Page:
U.S. Government sends a message by stepping up crackdown on foreign corrupt payments

Washington Post. Feb 8, 2010. Federal authorities want companies to know that the cost of paying bribes to win overseas contracts is growing steeper by the day.

Long a priority of the FBI and the Justice Department, efforts to police corrupt business payments have intensified in recent weeks, with multimillion-dollar corporate settlements and coordinated arrests of individual executives accused of attempting to grease the skids.

On Feb 5, 2010, BAE Systems, the world’s second-largest defense contractor, agreed to pay $ 400 million to resolve decade-old allegations that it misled the Defense and State departments about its efforts to comply with the Foreign Corrupt Practices Act. The law bars companies from bribing government officials to win lucrative contracts and other favorable treatment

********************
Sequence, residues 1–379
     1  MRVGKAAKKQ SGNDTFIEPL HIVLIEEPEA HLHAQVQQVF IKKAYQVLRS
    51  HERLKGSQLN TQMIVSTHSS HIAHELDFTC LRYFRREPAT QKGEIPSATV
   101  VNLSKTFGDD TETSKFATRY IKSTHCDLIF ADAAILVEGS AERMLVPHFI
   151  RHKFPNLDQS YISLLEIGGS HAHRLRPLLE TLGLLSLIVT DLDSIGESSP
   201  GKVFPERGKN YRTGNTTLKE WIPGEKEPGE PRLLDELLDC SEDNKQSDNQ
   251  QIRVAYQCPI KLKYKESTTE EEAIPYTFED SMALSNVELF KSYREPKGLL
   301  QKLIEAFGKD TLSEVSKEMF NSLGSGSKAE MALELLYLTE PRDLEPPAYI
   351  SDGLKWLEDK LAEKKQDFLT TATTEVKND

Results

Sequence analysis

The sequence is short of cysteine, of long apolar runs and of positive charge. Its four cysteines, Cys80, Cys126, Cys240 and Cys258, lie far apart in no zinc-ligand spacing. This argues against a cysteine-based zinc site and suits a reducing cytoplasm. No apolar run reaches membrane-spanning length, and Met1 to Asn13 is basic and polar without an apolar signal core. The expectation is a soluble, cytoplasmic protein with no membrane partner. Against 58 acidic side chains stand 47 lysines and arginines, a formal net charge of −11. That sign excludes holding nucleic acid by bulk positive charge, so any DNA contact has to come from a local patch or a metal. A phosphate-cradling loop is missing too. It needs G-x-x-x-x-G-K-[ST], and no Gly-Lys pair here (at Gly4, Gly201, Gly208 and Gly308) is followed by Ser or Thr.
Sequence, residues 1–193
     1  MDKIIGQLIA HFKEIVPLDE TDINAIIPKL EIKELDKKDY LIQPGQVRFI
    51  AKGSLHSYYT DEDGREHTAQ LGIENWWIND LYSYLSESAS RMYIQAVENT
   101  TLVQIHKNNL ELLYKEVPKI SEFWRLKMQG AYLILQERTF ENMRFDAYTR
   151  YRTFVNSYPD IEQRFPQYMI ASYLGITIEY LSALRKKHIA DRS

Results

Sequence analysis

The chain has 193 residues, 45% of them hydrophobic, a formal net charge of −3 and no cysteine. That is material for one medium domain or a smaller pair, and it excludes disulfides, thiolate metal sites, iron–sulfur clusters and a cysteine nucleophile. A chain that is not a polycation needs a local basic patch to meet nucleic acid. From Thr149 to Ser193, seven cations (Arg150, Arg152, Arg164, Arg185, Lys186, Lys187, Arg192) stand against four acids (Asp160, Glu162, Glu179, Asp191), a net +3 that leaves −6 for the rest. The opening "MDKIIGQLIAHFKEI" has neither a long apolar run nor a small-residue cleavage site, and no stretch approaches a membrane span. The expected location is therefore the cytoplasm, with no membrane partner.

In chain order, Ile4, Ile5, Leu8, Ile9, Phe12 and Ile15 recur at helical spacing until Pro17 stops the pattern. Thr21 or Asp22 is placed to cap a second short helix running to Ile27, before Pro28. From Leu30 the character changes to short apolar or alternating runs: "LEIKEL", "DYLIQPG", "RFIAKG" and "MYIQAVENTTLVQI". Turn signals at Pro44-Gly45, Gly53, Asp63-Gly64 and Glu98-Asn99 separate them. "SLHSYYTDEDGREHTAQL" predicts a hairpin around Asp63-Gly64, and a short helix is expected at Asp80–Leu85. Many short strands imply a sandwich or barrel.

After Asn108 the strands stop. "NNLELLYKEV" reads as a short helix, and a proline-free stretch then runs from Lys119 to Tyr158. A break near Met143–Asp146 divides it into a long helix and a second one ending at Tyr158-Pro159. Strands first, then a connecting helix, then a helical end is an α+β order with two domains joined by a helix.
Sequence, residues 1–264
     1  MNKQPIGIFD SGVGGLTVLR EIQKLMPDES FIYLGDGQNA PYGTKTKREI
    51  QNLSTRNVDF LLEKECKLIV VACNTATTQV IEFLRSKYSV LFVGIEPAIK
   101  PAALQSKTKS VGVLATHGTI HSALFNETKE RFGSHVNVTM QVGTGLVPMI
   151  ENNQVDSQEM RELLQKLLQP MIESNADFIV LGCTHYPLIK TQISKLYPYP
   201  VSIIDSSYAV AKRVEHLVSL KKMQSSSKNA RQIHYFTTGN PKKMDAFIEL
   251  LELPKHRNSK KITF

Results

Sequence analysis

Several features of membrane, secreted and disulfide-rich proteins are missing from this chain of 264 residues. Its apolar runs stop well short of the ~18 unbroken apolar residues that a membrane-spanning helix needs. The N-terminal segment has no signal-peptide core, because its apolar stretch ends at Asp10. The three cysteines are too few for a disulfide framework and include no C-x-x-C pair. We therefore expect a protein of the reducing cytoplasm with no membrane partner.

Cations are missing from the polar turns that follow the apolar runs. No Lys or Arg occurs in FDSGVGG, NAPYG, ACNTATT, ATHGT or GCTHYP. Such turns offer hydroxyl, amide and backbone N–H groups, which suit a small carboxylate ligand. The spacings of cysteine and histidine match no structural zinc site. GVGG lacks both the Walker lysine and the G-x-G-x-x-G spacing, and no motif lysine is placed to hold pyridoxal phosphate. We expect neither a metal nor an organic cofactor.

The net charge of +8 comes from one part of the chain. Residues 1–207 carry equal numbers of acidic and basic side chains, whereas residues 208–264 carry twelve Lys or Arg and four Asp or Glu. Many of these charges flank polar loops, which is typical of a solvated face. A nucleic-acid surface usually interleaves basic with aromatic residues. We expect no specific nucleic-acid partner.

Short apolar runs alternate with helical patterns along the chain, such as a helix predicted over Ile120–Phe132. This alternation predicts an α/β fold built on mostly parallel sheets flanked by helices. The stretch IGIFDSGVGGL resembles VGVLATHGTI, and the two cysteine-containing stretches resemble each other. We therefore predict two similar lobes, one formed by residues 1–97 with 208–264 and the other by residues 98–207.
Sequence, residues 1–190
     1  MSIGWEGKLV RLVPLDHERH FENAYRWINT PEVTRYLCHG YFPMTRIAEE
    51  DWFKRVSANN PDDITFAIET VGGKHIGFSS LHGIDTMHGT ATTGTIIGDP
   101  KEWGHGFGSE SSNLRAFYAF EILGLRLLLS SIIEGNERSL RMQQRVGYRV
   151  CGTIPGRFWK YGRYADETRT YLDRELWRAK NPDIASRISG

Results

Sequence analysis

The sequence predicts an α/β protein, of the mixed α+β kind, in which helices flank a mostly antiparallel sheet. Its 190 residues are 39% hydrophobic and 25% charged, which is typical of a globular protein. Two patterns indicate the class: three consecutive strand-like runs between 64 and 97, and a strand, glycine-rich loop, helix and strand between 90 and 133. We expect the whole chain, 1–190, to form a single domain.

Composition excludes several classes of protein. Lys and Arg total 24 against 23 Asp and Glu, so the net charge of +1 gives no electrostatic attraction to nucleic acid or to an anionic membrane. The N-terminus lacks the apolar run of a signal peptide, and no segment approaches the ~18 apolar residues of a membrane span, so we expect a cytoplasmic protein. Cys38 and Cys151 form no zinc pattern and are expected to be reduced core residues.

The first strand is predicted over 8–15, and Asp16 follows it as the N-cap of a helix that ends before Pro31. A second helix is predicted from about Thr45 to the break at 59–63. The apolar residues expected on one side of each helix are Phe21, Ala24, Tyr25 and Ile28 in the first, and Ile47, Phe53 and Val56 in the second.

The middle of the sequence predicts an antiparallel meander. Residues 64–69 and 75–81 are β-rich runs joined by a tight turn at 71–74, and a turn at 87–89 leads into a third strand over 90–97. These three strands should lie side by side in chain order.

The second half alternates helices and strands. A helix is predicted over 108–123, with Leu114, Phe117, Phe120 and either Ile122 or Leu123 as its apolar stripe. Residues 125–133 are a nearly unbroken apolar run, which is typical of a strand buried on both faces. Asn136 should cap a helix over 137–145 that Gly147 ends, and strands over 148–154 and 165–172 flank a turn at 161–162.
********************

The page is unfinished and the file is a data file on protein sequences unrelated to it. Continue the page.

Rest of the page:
Assistant Attorney General Lanny A. Breuer, who leads the criminal division, recently told reporters that the department had more than 140 open investigations centering on foreign bribes. In a November speech, Breuer said prosecutors would be taking a closer look at foreign sales by pharmaceutical companies after years of focusing on the defense and oil services industries. He also vowed to continue to charge individual business executives with crimes related to the FCPA.

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